This week's Family Dinner Table Talk, from HuffPost and The Family Dinner book:
Evin Moore cares a lot about reading. In fact, he cares so much that he used the money he’d been saving for retirement to help start a group that gives free books to kids. That’s right: kids who live in Denver, Colorado, can simply sign up on this website, and they’ll get popular books like “The Hunger Games” sent to them for free.
We found out about Mr. Moore’s organization, Burning Through Pages, when a picture posted on the group’s Facebook page went viral. The illustration showed children imagining themselves as characters from books. You can see it here:
A 2010 study conducted by Scholastic and Harrison Group found that “nine out of ten children say they are more likely to finish books they choose themselves" -- and one of the goals of Burning Through Pages is to get kids to read books they might not normally read in school. As BTP says: “It's not what you read that's important to us, it's that you enjoy whatever it is that keeps you burning through the pages.”
Many parents today think their children are spending too much time texting or surfing the Internet, and not enough time reading. The same 2010 Scholastic/Harrison Group study confirmed some parents' fears by reporting that “the time kids spend reading declines while the time kids spend going online ... and using [cell phones] increases." (It also reported that three-quarters of kids aged 9-17 agreed with the statement, "I know I should read more books for fun.")
In an essay on HuffPost this week, Lisa Bloom further pointed out that many boys read less than girls, maybe because some – wrongly – think of reading as “girlie”:
Boys today do worse on national reading tests compared to their own gender a generation ago. There's no mystery as to why boys have slipped. Boys read significantly less than girls, and less than their dads did when they were kids. Nine out of 10 boys today do not read for pleasure -- at all. As one boy put it: "I'd rather be BURNED AT THE STAKE than read a book!"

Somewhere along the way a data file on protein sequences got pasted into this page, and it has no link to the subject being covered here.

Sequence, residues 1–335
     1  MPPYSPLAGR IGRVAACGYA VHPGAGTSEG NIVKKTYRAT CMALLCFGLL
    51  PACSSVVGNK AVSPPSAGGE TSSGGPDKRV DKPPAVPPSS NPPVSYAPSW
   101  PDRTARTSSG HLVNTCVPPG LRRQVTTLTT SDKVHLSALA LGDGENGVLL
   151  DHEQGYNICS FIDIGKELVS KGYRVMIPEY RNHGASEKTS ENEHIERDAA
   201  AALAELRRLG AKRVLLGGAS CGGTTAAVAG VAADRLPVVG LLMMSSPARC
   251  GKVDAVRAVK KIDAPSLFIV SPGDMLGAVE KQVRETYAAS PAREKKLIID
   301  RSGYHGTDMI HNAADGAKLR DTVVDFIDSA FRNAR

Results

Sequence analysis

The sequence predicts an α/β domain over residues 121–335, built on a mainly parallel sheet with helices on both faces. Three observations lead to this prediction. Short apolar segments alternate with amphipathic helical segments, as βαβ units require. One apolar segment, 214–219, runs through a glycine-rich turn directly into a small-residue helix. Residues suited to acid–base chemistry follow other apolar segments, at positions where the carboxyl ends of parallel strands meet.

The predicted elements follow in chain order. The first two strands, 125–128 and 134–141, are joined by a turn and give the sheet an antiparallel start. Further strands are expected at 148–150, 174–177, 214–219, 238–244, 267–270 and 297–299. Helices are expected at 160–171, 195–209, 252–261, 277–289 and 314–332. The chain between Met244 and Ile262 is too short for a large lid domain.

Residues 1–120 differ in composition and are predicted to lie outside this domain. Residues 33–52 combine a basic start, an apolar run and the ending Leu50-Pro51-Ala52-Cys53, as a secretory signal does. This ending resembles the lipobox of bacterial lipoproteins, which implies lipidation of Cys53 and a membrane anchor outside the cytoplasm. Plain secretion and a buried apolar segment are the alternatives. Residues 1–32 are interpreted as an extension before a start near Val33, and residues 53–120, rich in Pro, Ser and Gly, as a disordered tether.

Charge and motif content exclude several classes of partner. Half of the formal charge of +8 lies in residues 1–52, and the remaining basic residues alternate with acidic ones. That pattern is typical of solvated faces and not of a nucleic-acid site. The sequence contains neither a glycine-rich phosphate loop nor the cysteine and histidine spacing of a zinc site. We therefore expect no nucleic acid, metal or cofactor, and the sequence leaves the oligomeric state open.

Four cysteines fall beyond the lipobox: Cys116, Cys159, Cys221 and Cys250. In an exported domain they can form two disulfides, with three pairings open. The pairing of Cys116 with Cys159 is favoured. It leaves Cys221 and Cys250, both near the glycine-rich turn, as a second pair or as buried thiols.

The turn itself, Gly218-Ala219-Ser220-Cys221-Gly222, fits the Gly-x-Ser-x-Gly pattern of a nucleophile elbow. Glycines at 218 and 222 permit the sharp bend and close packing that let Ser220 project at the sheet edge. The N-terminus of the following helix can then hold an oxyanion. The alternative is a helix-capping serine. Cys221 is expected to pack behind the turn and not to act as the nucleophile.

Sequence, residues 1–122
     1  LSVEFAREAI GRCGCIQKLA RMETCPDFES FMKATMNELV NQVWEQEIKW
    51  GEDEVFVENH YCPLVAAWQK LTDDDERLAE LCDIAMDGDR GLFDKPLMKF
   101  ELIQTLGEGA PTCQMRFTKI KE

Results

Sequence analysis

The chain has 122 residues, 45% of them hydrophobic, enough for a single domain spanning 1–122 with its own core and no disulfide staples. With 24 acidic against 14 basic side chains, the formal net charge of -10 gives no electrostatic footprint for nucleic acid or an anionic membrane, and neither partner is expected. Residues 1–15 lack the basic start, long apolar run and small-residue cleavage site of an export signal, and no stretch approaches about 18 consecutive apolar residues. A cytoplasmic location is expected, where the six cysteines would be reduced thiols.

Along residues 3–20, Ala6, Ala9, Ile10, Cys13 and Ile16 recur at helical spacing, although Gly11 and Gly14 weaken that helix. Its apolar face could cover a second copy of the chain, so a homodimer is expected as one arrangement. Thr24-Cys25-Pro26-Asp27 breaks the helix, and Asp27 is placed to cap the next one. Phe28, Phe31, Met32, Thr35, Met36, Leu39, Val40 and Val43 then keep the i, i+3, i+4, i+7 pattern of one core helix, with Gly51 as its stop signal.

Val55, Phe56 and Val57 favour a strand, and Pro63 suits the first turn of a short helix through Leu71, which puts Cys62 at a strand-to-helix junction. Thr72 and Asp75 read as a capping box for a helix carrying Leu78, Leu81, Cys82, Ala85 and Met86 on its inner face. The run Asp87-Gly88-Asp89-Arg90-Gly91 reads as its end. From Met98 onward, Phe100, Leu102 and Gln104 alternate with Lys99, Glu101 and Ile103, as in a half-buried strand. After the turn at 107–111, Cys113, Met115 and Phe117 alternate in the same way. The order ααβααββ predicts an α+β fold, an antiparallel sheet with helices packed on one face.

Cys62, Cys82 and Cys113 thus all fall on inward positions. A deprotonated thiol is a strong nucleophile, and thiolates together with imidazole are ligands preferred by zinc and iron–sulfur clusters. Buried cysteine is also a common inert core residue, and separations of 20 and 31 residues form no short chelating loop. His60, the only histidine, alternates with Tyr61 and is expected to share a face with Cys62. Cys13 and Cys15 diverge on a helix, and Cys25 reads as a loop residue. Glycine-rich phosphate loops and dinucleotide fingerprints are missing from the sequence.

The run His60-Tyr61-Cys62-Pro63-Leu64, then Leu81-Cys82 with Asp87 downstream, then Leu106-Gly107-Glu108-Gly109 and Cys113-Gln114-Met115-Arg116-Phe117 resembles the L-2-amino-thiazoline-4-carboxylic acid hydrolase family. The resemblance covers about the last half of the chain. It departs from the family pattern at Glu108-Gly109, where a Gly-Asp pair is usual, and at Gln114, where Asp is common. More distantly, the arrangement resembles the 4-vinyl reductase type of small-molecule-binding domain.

There are lots of reasons why reading is important for kids and adults (male and female). Most of all -- as any bookworm can tell you – there’s nothing quite like the thrill and excitement of a good story. A truly good book can swallow you up for hours at a time, teaching you about different people, different ways of life – even whole other worlds (like Middle-earth or Narnia). Would Evin Moore from Burning Through Pages have spent his time and money bringing free books to kids in Denver otherwise?
Questions for discussion:
- What are your favorite books? What was it about them that you liked so much?
- Do you think you should be spending more time reading?
- Why is reading for fun important?
- Would you ever start or join a book club in your community?
- Which books would you recommend for the other people in your family? For your friends?
In her new cookbook, The Family Dinner, Laurie David talks about the importance of families making a ritual of sitting down to dinner together, and how family dinners offer a great opportunity for meaningful discussions about the day's news. "Dinner," she says, "is as much about digestible conversation as it is about delicious food."
We couldn't agree more. So HuffPost has joined with Laurie and every Friday afternoon, just in time for dinner, our editors highlight one of the most compelling news stories of the week -- stories that will spark a lively discussion among the whole family.
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